More about the Roman garden at Caerleon

Oct 18 2008

by Alison Young, South Wales Echo

IT’S not unusual to spot a toga-clad man roaming around the grounds of a leading Welsh museum.

a garden fit for a Roman has been created at the National Roman Legion
Museum in Caerleon with staff in period costume adding that final touch
of authenticity.

The garden, which is a recreation of a Roman
garden, was researched and planted up by staff at the museum who are
hoping to create a green team of members of the public to help them
maintain it.

It’s basic symmetrical shape with box hedging,
vines and cypress trees is designed to reflect what a typical Roman
garden would have looked like.

It includes a facade of a Roman
villa and the all important Triclinium – a three sided dining area
where Romans would have both lounged and eaten their meals.

manager Bethan Lewis said: “We wanted to recreate a Roman garden in the
grounds but also wanted to make sure that there was still lots of room
for our younger visitors to run around and play.

“The garden
enhances our interpretation of Roman Caerleon and is a special addition
because it’s museum staff and volunteers who’ve actually researched and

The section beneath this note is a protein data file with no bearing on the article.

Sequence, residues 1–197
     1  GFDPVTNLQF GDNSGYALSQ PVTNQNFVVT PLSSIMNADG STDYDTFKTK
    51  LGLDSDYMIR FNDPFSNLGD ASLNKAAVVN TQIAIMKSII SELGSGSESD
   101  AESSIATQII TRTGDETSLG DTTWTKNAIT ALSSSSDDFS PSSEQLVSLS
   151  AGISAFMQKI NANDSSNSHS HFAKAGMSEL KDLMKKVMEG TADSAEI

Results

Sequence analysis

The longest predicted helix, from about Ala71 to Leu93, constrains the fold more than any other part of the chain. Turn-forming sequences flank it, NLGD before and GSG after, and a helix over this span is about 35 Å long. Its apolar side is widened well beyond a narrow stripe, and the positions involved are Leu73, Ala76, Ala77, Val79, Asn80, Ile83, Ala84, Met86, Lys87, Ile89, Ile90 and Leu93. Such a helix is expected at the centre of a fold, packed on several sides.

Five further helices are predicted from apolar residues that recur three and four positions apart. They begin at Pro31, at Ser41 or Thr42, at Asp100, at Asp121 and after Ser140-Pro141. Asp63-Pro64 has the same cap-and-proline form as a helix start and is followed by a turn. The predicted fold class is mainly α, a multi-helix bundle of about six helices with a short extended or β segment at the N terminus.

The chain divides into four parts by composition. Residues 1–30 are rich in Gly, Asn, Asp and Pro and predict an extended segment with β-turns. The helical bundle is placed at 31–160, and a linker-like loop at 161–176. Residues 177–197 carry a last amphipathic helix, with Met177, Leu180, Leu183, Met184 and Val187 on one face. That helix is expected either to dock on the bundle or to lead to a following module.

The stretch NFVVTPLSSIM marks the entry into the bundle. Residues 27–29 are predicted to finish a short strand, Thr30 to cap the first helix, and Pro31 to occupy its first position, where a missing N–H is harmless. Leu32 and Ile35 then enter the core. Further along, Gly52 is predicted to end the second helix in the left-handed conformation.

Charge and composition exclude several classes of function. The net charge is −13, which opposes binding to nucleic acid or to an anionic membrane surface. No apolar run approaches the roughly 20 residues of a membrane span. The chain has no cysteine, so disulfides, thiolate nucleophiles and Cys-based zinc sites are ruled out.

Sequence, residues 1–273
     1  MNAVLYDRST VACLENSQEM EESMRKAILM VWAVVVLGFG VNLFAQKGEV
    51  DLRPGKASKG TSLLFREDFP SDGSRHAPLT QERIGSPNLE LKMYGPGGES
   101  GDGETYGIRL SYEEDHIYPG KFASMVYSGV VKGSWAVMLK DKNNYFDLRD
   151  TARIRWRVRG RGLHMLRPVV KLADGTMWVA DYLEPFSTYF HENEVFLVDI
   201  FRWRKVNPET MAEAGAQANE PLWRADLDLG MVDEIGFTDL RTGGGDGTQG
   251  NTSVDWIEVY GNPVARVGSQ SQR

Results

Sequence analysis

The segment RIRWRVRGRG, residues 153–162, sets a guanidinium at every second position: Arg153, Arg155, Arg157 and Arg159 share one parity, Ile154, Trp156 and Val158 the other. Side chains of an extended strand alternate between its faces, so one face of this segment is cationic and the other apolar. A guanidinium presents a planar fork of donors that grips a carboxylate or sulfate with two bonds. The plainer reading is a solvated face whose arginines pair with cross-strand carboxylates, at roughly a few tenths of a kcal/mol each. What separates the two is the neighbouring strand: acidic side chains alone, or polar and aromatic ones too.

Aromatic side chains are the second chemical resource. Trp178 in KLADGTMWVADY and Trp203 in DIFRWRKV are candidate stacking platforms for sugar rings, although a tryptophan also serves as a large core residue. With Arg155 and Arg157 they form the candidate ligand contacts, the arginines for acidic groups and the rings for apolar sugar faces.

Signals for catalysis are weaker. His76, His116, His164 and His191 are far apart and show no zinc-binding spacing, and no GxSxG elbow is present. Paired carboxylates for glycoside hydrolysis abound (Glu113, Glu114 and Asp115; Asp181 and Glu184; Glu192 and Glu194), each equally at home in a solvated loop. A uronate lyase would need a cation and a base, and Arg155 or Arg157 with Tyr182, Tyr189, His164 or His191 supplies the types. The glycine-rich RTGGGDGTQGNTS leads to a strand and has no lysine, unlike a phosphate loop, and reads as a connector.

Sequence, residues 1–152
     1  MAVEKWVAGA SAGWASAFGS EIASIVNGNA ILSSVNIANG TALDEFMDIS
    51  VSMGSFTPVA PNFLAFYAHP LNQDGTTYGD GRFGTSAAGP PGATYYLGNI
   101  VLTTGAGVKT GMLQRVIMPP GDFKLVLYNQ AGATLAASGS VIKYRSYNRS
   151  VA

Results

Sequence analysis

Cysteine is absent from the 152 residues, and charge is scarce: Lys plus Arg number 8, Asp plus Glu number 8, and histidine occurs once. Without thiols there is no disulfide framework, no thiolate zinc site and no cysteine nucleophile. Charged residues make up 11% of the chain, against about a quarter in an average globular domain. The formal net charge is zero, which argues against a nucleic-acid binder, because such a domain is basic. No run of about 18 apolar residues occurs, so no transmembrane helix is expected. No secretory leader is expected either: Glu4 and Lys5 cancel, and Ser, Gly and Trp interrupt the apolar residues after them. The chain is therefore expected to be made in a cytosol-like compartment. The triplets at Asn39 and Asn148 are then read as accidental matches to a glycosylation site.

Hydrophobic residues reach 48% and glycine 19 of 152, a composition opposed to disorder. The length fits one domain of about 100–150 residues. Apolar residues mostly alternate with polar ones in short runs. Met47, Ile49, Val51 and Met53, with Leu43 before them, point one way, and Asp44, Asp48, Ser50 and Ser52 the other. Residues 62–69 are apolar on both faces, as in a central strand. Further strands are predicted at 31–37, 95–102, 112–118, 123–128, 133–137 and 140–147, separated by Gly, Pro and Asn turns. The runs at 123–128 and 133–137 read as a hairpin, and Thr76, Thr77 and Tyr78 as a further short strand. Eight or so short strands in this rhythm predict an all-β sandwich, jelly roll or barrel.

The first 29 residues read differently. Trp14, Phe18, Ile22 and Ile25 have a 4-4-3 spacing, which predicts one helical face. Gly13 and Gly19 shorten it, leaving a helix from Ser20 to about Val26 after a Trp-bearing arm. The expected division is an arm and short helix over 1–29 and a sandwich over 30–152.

created it.

“We are looking forward to welcoming new visitors wanting gardening tips from the Romans.”

was the Romans who were the first to use their gardens as extensions of
their homes and for decorative purposes by using colourful plants,
stone ornaments and decorative pots.

They also brought many plants and vegetables to Britain including, it is believed, the leek – our national emblem.

Dixey, estate manager at the National Museum of Wales, explained: “The
Romans invaded Britain in 43 AD and brought their garden designs with
them. However due to the change in climate, the range in plants they
could grow was more restricted than overseas.

“Roman gardens
were ideal locations to relax and a perfect place for entertaining
guests but they also had practical uses and would be sources for
vegetables, fruit and herbs such as rosemary, thyme and mint, which
were used for culinary and medicinal purposes.

“The Romans’
triclinium is today’s gazebo and we continue to use techniques which
they established 2,000 years ago; turning soil in the autumn, mixing
compost, hoeing beds and sowing seeds in spring.”

Many of the
plants in the garden will be recognisable to visitors such as the fig
tree and olive trees but there are others such as the leek which may be
more surprising.

“We set out to show what plants they had, how they used them and how they might have gardened,” said Mr Dixey.

is not a reconstruction of a garden that existed in Caerleon but it
does reflect the sort of plants and gardening that the Romans would
have been involved in at the time.

“It also shows how plants
would have had different uses and meaning over time. The Romans grew
lots of evergreen plants near their homes not just because they looked
nice all year round but because they had a spiritual significance for

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